Let the Met Council be

The Metropolitan Council’s structure should remain unchanged.

Daily Editorial Board

For the past 36 years, the members of the Metropolitan Council have been appointed by the governor. They have an important role, since the organization oversees everything from wastewater treatment to low-income housing and parks to transportation planning.

Republican lawmakers have long been irritated by this structure and are seeking to diminish the councilâÄôs power by changing it to a body made up of local elected officials.

The argument that organizations that affect peopleâÄôs lives should contain elected members isnâÄôt completely off base. However, changing the structure of the Met Council would be a lengthy and unnecessary reform process.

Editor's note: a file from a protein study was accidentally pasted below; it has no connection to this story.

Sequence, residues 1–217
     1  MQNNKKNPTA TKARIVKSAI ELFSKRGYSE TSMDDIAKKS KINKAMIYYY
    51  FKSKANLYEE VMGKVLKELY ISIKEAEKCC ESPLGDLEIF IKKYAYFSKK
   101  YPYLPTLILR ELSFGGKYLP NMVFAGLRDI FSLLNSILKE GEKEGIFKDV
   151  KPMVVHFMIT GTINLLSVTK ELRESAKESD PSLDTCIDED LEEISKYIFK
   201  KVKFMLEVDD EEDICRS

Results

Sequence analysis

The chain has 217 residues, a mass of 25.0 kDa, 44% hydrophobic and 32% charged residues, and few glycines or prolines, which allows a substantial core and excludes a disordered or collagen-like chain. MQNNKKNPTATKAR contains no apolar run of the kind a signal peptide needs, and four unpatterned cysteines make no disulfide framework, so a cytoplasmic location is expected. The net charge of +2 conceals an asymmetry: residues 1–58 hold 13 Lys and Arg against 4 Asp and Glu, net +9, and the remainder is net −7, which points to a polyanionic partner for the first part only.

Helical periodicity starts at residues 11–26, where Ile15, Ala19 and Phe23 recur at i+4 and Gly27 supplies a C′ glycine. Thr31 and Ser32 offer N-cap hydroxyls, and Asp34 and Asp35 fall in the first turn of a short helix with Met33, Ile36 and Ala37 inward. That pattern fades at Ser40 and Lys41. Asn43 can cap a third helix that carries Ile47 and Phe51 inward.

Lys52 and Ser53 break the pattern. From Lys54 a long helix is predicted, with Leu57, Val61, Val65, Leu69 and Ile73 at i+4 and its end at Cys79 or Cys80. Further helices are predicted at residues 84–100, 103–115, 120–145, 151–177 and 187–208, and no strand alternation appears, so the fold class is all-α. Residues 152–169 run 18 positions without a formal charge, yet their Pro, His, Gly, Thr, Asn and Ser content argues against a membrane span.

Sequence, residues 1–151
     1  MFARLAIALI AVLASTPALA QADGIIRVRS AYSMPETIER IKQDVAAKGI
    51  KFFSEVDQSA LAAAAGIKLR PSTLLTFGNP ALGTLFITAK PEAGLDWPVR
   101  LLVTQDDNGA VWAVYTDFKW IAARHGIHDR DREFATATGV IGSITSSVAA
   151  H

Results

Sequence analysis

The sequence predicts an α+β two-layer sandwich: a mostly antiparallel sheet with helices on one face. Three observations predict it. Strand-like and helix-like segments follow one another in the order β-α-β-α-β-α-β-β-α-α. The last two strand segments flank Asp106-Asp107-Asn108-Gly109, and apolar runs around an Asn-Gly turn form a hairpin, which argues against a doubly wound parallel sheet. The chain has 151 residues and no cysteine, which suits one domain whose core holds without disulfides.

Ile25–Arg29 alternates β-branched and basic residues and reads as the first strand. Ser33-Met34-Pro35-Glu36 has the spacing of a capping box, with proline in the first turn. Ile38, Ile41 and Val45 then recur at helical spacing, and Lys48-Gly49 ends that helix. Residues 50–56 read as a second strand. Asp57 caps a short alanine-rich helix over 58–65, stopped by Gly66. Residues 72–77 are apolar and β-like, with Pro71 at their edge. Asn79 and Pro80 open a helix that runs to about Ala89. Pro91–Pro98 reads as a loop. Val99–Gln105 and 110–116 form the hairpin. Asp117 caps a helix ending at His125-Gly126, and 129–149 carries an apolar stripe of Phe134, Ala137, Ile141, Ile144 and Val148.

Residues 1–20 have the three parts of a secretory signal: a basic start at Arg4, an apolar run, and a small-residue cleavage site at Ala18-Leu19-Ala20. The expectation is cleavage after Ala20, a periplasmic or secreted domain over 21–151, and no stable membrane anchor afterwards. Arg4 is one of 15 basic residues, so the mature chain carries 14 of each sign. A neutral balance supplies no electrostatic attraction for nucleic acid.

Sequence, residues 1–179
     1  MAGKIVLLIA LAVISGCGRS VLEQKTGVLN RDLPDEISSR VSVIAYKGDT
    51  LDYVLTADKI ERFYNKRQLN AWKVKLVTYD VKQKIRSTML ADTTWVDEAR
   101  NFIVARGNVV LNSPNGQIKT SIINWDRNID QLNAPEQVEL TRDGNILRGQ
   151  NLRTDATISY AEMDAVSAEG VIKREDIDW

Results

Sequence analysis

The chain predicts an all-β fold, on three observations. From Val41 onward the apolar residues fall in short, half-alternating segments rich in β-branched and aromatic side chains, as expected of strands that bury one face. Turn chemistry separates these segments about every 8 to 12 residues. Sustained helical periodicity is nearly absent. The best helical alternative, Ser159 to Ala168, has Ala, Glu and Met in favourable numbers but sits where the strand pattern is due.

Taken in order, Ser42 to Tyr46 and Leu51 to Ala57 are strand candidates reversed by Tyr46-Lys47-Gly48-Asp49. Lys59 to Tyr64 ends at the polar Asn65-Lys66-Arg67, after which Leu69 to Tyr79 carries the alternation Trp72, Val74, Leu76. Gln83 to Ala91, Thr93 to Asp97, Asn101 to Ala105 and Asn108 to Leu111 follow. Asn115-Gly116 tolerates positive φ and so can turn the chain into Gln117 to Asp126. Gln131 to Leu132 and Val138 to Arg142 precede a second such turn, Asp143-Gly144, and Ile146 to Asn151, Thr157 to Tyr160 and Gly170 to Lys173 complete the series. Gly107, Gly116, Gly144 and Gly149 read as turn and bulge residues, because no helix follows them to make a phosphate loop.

Local perspective should absolutely be listened to when mulling over prospective projects. However, not subjecting the council to elections allows for more neutrality in their decision-making process.

The stateâÄôs grim $5 billion shortfall makes funding projects more challenging, but effective decisions that benefit urban and suburban areas can be made under the current Met Council structure.

Instead of stomping their feet in frustration, legislators should do the job they were elected to do and advocate more for the needs of their own districts.

We assume there wouldnâÄôt so much concern over the councilâÄôs structure if the state hadnâÄôt elected its first Democratic governor in 38 years: Regardless of political lines, the Met Council has functioned well and has the results to prove it.